I am rather rowdy for an Asian lady but I am a devout Buddhist. Buddhism saved my life during my life turmoil as a teenager. Also, I think Buddha is a great scientist and a self-experimenter, although he was definitely not the only person in his time and place to experiment with all kinds of odd things to achieve enlightenment.
Since I was around 9, I started practicing Vipassana (mindfulness) meditation at Ampawan temple. The whole experience will be described in a future post. Aside from the prayers and practicing the day-to-day mindfulness, I was taught how to do both walking, standing and sitting meditation. [Keep in mind that Buddhists do Vipassana meditation to achieve enlightenment or get over a suffering more so than to improve their quality of life, but the quality of life was a great side benefits.]
As it relates to fitness the most and perhaps the lessor known form of meditation in the west is the walking meditation.
The benefits of walking meditations as described by the Buddhist canon (in blue) and my personal experience (in brown) as it relates to fitness:
1. High endurance, enabling meditator to walk long distance
My endurance definitely improved from the first day of doing walking meditation. While I started it as a rather obese, inactive child, it made it much easier for me to start an exercise regime and stick with it. I maintained the endurance throughout the years.
Before I started weight training, I regularly engaged in and enjoyed endurance activities. I biked 70 km, ran 10k and swam 3k when I found the time to. This also allowed me to perform long weight training sessions (1 – 2 hours) involving mostly compound movements.
2. High tenacity, enabling meditator to perform with higher effort and for longer
Tenacity is my strength that has led me to accomplish a multitude of successes. I am neither exceptionally sharp nor genetically built to be successful. I work hard. I attack problems and I overcome obstacles, so I see results in my body transformation. It wasn’t always easy and there were stumbling blocks to achieving my goals.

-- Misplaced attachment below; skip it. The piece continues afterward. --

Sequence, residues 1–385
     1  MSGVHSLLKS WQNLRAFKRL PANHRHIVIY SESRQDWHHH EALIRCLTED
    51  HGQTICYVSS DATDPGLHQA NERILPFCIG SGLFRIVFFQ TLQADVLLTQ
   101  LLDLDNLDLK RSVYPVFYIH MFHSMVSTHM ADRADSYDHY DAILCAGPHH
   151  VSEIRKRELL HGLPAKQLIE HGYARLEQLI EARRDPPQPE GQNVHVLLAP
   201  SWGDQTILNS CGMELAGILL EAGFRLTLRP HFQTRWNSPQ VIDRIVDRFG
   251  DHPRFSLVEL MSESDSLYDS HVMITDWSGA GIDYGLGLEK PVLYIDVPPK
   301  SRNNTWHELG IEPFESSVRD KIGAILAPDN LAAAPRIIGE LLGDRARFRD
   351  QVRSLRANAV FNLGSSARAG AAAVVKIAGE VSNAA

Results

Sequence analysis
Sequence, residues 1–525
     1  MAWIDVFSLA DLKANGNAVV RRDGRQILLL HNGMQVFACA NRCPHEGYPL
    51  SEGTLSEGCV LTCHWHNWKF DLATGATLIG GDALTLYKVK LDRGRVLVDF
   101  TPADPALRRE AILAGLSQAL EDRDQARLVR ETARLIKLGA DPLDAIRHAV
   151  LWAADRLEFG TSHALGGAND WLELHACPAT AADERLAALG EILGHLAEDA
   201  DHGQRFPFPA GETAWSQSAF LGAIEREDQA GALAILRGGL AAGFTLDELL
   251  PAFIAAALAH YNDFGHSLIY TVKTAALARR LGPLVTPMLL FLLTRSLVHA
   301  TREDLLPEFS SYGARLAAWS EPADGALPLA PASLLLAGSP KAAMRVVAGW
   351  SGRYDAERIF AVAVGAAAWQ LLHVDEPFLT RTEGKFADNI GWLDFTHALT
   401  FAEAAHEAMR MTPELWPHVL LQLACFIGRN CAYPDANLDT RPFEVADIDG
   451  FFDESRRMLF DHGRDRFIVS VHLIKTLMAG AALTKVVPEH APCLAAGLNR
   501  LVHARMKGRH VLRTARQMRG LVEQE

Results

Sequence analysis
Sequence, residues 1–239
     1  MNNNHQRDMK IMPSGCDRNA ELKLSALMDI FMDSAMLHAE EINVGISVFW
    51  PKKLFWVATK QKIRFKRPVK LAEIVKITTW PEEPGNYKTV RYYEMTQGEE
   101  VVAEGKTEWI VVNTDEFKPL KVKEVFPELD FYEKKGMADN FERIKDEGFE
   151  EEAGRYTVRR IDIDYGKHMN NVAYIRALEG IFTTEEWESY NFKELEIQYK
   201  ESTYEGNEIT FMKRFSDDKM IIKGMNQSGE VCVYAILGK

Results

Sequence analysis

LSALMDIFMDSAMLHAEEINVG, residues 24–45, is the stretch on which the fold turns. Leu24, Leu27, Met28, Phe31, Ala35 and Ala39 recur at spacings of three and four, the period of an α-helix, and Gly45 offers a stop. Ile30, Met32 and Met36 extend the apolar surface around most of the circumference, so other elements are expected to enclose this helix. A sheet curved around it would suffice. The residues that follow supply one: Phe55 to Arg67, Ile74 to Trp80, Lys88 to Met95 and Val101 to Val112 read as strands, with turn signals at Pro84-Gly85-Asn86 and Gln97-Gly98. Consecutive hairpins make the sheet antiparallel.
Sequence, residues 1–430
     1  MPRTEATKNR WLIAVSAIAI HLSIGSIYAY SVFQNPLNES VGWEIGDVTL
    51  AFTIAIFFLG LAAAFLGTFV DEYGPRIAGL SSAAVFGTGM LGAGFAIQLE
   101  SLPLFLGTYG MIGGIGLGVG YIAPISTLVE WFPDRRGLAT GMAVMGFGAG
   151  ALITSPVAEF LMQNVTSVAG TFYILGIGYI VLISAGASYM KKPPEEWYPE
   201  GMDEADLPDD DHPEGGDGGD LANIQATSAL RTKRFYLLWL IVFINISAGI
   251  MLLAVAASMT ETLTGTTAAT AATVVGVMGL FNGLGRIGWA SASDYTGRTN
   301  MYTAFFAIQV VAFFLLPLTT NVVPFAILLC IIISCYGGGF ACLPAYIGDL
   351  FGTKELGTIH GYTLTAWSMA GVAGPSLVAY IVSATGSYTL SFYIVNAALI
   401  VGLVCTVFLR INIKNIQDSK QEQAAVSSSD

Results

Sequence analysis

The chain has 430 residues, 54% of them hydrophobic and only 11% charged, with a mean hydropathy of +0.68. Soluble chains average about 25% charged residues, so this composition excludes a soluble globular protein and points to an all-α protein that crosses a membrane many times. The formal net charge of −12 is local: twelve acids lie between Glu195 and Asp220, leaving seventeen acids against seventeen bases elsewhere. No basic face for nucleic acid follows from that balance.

(digression alert) Even in my research, I presented a dataset at a conference where 2 other groups came up to me and told me that they started the same thing and gave up. So, try walking meditation if you want to be successful.
3. Less chances of illnesses and faster healing
My eczema disappeared right around when I started it. It came back 10 years later but improve dramatically when I get more serious with meditation again. I also got less colds back then and now. (Frequent and lingering colds run in my family.)
And I heard a few stories of how cancer disappears in some cancer patients who were told they had only months to live. (But I heard too many of these now that I will believe like 50% of it. I’m glad the cancer patients survived, though.)
4. Better digestion
This is absolutely true for me. Buddhist monks and serious meditators practice intermittent fasting by stop eating from after 12 PM to after their morning prayers (8 AM). When I practiced this, my stomach didn’t always like breakfast that much. Going right back to walking meditation definitely helped, to a greater degree than a typical walks would.
5. Better concentration during the sitting phase of the meditation
Walking meditation improves mind-body awareness better than a sit-down form of meditation. For me, it was easier to concentrate on the movements than on breathing. My minds were less likely to wander. There is also this culture of quality over quality. The teachers say that real benefits: breakthroughs and enlightenments arise from walking as slowly as possible.
Having only reflected on this recently, I thought, perhaps meditation is the difference between I and some exercisers who have issues with motivation, endurance and consistency. Although in fitness, we train for strengths, flexibility and endurance, there are also other aspects that are not completely understood and hence not usually trained. Meditation seems to help with neurological, hormonal, emotional and psychological aspects of motivation and endurance. It clearly has contributed to my life successes and health. I will consider teaching this to my personal training clients to help them improve.
I am not qualified to teach meditations, yet. It’s not one of those things you can get a degree about or certified to teach. The people who practice take it seriously and only meditators who achieved major breakthroughs with it were allowed to teach at Ampawan temple. This VDO is a great resource where a qualified monk demonstrates how it’s done. That’s exactly how I was taught to do it. I will be happy to answer questions about this as much as I can, though.